• Posts: 2,853Member
I found an awesome site about the subject: http://www.robertpenner.com/easing/
It even has a function generator so you can make your own easing... erm, easy
Adobe Edge Animate uses this 'engine'.
• Posts: 2,785Member, Sous Chef, PRO
@LudwigHeijden -- Thanks for the reference. The page and its links are pure gold. Penner is the king of easing formulas on the internet. Most of the equations in the examples I gave are really (my attempt at) gamesalad interpretations of his examples.
• Posts: 240Member
This is great @RThurman just wish I could figure out how to recycle bullets using this method.

Developer Blog » 08/01/2015 - Week 72 – Apple, the great dictator…

• Posts: 2,785Member, Sous Chef, PRO
edited September 2013
Interesting idea -- but I'm not sure how it could be used for recycling. (Maybe I'm thinking of the term slightly differently.) Could you give more detail on what you mean?
• Posts: 510Member
nice, thanks so much for sharing
• Posts: 240Member
@RThurman I'm trying to recreate this (with your interp method)...

But when the asteroids stop I cant get them to recycle, also I cant seem to define the beginning X / Y as the white actors location. I have 10 asteroids recycling.

Maybe I need to re-read you method again and tinker with my logic.

Developer Blog » 08/01/2015 - Week 72 – Apple, the great dictator…

• I am here.Posts: 6,577Member, Sous Chef, PRO

@RThurman

Don't know how I missed this before... awesome it is though... Excellent stuff, RT! :-)

""You are in a maze of twisty passages, all alike." - Zork        temp domain http://spidergriffin.wix.com/alphaghostapps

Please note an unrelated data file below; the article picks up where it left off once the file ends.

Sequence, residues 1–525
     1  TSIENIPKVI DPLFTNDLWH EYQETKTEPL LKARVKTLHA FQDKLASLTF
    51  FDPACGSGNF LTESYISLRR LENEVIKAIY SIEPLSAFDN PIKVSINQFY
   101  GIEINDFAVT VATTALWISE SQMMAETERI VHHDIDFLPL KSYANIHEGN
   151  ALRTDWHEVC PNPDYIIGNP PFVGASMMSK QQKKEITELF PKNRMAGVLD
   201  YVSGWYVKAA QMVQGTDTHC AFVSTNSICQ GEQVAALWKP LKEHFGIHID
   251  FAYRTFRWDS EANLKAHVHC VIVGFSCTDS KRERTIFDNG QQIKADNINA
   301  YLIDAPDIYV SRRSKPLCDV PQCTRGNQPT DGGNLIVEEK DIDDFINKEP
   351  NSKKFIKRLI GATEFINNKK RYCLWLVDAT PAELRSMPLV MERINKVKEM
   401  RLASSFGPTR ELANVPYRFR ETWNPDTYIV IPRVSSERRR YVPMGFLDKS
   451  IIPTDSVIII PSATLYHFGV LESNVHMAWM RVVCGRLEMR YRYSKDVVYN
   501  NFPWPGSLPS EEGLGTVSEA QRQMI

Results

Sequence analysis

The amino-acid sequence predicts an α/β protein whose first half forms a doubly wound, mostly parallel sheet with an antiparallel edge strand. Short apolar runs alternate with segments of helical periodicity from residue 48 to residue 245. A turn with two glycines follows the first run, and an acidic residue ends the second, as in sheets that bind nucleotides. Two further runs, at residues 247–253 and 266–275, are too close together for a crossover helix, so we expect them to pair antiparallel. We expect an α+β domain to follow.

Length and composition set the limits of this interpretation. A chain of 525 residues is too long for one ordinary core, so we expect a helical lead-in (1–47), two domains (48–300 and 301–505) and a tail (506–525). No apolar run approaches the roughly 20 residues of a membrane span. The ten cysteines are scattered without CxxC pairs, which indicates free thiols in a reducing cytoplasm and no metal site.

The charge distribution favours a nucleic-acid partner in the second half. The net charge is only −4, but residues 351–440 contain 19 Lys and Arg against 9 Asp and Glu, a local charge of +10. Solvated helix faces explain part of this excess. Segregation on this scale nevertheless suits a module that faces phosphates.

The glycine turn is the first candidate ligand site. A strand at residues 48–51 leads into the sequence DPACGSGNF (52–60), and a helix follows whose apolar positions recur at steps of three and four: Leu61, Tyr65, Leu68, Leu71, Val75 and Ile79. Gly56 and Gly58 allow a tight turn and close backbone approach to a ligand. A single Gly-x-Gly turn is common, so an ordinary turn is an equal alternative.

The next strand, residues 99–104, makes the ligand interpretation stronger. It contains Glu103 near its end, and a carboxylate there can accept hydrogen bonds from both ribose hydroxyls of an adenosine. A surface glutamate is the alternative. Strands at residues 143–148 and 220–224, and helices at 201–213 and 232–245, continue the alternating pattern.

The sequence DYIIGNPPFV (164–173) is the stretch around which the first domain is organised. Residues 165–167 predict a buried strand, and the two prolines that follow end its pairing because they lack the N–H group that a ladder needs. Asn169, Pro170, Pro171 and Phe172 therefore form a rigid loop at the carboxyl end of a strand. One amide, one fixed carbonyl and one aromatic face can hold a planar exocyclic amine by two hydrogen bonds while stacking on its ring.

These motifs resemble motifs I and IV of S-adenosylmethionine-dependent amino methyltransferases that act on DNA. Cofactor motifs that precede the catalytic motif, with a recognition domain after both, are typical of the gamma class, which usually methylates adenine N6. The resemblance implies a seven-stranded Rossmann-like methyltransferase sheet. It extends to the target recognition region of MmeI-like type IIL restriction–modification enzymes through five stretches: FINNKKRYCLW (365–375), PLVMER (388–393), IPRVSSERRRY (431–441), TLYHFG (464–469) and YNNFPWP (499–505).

• Posts: 2,785Member, Sous Chef, PRO
@Redeyearts -- You are welcome! Hope you find it useful.

@gyroscope -- Thanks! GameSalad is great for exploring this kind of stuff.
• Posts: 2,785Member, Sous Chef, PRO

There might be an easier way that will save a ton of processing. Could you simply have the asteroids change size as they get further away from the emitter. Something like this:

Constrain Attribute: self.size.height To: magnitude (self.Position.X - emitter.Position.X, self.Position.Y - emitter.Position.Y)
Constrain Attribute: self.Size.width To: self.size.height
• Posts: 240Member
Will give that a crack @RThurman

There are many ways to skin a rabbit

Developer Blog » 08/01/2015 - Week 72 – Apple, the great dictator…

• Posts: 240Member
edited September 2013
RThurman said:

There might be an easier way that will save a ton of processing. Could you simply have the asteroids change size as they get further away from the emitter. Something like this:

Constrain Attribute: self.size.height To: magnitude (self.Position.X - emitter.Position.X, self.Position.Y - emitter.Position.Y)
Constrain Attribute: self.Size.width To: self.size.height

This is great @RThurman , but how can I limit the size... say my asteroids start at size 15 at the emitter and I want them to end at size 40?

Thanks in advance, I appreciate any help

Developer Blog » 08/01/2015 - Week 72 – Apple, the great dictator…

• Posts: 2,785Member, Sous Chef, PRO
• Posts: 240Member
My apologies @RThurman - didnt mean to digress, just get over excited sometimes

Developer Blog » 08/01/2015 - Week 72 – Apple, the great dictator…

• Posts: 2,785Member, Sous Chef, PRO
No problemo! I wasn't trying to be snarky. It's just that you have a really good (but unrelated) question. If I answer it in this thread, it will just get lost and no one will ever see it.

Think of all the millions of GameSalad users who will search on the forums for a question just like yours. But because its buried in an unrelated discussion, it will never be found.

How about starting a new thread and title it something like, "How to make actors grow and shrink according to distance from some arbitrary point." (Hmmm.... thats too long. You better think of a shorter title!)
• Posts: 240Member
Coolio, I can appreciate that - it's good see a mod looking out for the community